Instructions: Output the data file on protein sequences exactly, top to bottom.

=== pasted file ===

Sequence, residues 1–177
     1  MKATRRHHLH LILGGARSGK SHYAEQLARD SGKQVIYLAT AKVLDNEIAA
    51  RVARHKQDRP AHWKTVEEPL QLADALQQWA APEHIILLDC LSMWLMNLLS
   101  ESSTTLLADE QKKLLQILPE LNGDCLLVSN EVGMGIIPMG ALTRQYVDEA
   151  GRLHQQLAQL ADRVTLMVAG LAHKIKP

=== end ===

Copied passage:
Sequence, residues 1–177
     1  MKATRRHHLH LILGGARSGK SHYAEQLARD SGKQVIYLAT AKVLDNEIAA
    51  RVARHKQDRP AHWKTVEEPL QLADALQQWA APEHIILLDC LSMWLMNLLS
   101  ESSTTLLADE QKKLLQILPE LNGDCLLVSN EVGMGIIPMG ALTRQYVDEA
   151  GRLHQQLAQL ADRVTLMVAG LAHKIKP